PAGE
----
Also, do you know what specific blood test you ask for celiac disease?? I am very interested in pursuing this avenue. I am reading some of the articles about autoimmune and nuerological problems associated with gluten. Very interesting...off to reading more.
Here are the usual blood tests in the full celiac panel:
tTG IgA and EMA IgA are the newer/more sensitive/more specific tests.
The total IgA test is not a Celiac test, but it must be run in conjunction with the other IgA based tests. If you are IgA deficient, you cannot test positive on the IgA based tests, so it is necessary to know if you are IgA deficient. If you are IgA deficient, they'll run the tTG IgG test, instead of the tTG IgA test. Being IgA deficient is more common among Celiacs than the average population.
For screening, some doctors run the tTG IgA and the total IgA. Some run the tTG IgA, EMA IgA, and total IgA. Some run all of them. Some only run the AGA IgA and AGA IgG, which are not as sensitive/specific as the newer tests.www.celiacdiseasecenter.columbia.edu/C_Doctors/C05-Testing.htm
Of the commercially available serologic tests that aid in the diagnosis of celiac disease, no one test is ideal. Using multiple serologies increases the diagnostic yield. Therefore, in the United States, screening in patients with possible celiac disease should consist of a panel of the following serologic tests:
Anti-gliadin antibodies (AGA) both IgA and IgG
Anti-endomysial antibodies (EMA) - IgA
Anti-tissue transglutaminase antibodies (tTG) - IgA
Total IgA level."
You'll need to discuss with your doctor which tests they feel are most appropriate. Bring in this literature to aid the discussion.
BTW, you should know that there is a fairly high false negative rate for these blood tests; there is a high false negative rate for the intestinal biopsy too, but that's easily understood when you realize how long the small intestine is and how few (and how SMALL) the samples are which are taken. If the damage to your villi is in patches instead of uniformly distributed, it would be very easy to miss damaged areas.
My granddaughter Carly has celiac disease; the first time they tested her she was two years old, but was still wearing 9 month sized clothing. Both her blood test and biopsy were negative for celiac. A year later she had lost so much weight she was just skin and bones....it was scary. Her doctor decided to repeat the biopsy; sure enough it was positive! But she looked like a little walking skeleton by that time! My daughter Robin, Carly's mom, put her whole family on the gluten free diet right away (Robin has Hashimoto's thyroiditis and I told her that the gluten free diet can sometimes reduce the number of autoantibodies in your system...it could help save her thyroid). Now Carly is gaining weight, and is healthy and happy and growing normally!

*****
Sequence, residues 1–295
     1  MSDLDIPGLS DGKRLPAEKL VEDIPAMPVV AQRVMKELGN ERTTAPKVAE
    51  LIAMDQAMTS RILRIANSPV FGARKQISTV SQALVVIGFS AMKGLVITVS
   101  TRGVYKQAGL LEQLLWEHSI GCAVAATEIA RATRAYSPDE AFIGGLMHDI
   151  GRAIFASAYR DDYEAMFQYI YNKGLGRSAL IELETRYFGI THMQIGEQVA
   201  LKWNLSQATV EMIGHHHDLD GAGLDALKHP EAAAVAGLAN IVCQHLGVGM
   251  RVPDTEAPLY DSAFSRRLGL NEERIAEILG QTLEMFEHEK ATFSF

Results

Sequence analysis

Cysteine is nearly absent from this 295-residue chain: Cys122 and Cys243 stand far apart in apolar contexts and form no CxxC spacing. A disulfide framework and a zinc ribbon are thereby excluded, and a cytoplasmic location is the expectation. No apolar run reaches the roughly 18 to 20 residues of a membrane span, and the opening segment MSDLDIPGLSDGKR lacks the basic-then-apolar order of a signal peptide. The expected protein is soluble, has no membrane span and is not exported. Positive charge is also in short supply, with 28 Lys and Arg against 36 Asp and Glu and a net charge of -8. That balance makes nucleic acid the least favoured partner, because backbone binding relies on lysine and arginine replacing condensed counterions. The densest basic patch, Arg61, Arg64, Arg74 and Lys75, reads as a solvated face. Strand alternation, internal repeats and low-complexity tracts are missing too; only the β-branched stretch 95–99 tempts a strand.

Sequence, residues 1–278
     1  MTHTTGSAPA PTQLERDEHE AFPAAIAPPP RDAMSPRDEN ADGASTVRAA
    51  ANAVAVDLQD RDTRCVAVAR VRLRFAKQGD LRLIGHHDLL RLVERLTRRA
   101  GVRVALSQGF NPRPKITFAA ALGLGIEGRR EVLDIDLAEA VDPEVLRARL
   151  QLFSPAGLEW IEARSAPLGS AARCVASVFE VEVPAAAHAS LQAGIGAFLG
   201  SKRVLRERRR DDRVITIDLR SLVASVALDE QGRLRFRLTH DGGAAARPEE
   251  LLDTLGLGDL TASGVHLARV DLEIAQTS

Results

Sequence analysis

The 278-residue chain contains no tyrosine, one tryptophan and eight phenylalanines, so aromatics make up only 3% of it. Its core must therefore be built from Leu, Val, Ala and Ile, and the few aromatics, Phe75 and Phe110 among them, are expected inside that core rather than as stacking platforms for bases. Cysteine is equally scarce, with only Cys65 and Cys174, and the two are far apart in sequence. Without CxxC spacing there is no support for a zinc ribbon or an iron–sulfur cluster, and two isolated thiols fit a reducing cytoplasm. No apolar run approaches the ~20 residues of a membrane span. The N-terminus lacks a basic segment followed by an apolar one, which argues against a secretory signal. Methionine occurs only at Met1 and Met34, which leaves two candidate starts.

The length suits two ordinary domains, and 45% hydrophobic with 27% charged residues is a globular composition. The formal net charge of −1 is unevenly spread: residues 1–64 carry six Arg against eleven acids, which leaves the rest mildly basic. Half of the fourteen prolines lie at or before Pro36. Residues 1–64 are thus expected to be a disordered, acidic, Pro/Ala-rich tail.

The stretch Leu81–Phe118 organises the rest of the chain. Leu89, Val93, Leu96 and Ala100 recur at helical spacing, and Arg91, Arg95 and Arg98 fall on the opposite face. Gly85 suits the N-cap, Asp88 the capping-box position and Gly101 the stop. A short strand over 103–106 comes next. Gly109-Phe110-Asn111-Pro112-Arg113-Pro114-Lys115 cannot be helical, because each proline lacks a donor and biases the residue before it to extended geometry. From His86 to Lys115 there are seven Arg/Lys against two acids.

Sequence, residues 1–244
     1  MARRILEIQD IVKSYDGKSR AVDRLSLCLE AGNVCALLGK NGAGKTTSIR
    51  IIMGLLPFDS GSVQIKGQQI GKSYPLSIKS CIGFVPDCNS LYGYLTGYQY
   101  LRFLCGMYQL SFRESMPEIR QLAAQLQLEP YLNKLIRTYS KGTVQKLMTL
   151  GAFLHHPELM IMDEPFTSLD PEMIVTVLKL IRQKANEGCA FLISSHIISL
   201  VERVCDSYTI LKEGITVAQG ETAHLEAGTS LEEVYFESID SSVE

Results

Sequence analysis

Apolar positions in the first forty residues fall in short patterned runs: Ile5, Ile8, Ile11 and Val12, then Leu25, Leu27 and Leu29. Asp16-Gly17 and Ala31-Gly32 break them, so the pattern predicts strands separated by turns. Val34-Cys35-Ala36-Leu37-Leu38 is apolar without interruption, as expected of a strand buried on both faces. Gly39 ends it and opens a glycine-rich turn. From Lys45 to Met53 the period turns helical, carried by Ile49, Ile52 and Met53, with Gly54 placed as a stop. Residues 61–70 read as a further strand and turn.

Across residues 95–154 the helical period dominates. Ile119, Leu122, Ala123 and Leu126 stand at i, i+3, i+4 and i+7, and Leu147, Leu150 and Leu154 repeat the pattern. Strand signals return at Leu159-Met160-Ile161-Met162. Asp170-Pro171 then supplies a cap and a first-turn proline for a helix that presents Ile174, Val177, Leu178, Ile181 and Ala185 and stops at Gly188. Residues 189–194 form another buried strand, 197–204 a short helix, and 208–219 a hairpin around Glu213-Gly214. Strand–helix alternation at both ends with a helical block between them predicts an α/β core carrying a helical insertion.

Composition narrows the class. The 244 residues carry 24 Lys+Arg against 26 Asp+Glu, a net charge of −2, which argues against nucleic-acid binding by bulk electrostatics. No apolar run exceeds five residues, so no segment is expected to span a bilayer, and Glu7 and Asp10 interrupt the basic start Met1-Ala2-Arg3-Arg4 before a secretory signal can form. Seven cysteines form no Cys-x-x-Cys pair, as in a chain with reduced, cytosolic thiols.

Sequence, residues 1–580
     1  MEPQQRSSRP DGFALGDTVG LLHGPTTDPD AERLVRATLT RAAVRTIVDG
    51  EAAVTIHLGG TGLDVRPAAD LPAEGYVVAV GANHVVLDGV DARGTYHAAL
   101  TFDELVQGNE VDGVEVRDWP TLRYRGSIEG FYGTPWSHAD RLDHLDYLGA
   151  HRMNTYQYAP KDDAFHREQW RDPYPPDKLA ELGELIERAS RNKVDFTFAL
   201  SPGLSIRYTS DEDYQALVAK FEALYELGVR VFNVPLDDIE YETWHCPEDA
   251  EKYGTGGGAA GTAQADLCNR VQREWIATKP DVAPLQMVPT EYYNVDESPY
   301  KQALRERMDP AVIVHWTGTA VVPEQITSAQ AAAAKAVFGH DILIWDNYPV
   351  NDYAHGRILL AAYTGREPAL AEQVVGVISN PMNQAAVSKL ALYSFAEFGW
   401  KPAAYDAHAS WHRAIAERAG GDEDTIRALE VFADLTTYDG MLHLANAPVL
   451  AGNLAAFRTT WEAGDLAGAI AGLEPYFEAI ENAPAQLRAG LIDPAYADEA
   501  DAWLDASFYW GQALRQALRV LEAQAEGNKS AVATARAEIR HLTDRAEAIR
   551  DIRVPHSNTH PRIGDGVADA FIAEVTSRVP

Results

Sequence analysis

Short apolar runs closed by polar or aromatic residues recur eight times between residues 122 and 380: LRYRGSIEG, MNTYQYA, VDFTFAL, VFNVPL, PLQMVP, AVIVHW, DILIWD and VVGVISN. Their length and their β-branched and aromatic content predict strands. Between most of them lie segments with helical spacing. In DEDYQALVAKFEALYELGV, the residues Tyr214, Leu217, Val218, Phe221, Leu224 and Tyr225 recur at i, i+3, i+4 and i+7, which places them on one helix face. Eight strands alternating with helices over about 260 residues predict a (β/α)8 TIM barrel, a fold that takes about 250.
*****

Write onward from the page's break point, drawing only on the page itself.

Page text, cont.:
I personally think that it's unwise to base everything on testing, because the tests can be wrong, and it's fairly easy just to try the diet for a couple of weeks, then go back on gluten and see what happens. If you have celiac or are even non-celiac gluten intolerant (NCGI) you'll know it!! You'll probably be sick as a dog when you go back on gluten!
One of the really nasty things about
celiac disease is that it can "
open the door" for other autoimmune diseases to develop: www.umm.edu/news/releases/zonulin.htm
So it's very important to find out if you do have a problem with gluten, if for no other reason that to try to prevent additional AI diseases from developing.
Unfortunately I've probably had celiac most of my life (I'm 54), but I only found out a year ago! Which may (at least partially) explain why I've got so darn MANY AI diseases!! :(
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